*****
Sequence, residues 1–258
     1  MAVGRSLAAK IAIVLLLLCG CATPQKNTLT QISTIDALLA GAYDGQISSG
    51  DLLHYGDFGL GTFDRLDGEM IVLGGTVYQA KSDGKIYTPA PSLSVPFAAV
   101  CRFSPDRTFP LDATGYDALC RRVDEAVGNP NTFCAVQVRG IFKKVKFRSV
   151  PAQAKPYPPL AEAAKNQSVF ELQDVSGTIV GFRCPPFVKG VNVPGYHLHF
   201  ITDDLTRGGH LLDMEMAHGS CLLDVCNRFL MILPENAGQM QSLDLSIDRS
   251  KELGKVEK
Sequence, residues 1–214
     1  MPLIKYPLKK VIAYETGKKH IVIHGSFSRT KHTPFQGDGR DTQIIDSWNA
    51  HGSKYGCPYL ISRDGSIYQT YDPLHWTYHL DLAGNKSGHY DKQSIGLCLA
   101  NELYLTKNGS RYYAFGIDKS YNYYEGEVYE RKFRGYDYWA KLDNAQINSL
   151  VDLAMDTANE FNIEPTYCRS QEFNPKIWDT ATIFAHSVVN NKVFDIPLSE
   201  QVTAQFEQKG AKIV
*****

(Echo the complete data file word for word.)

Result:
Sequence, residues 1–258
     1  MAVGRSLAAK IAIVLLLLCG CATPQKNTLT QISTIDALLA GAYDGQISSG
    51  DLLHYGDFGL GTFDRLDGEM IVLGGTVYQA KSDGKIYTPA PSLSVPFAAV
   101  CRFSPDRTFP LDATGYDALC RRVDEAVGNP NTFCAVQVRG IFKKVKFRSV
   151  PAQAKPYPPL AEAAKNQSVF ELQDVSGTIV GFRCPPFVKG VNVPGYHLHF
   201  ITDDLTRGGH LLDMEMAHGS CLLDVCNRFL MILPENAGQM QSLDLSIDRS
   251  KELGKVEK
Sequence, residues 1–214
     1  MPLIKYPLKK VIAYETGKKH IVIHGSFSRT KHTPFQGDGR DTQIIDSWNA
    51  HGSKYGCPYL ISRDGSIYQT YDPLHWTYHL DLAGNKSGHY DKQSIGLCLA
   101  NELYLTKNGS RYYAFGIDKS YNYYEGEVYE RKFRGYDYWA KLDNAQINSL
   151  VDLAMDTANE FNIEPTYCRS QEFNPKIWDT ATIFAHSVVN NKVFDIPLSE
   201  QVTAQFEQKG AKIV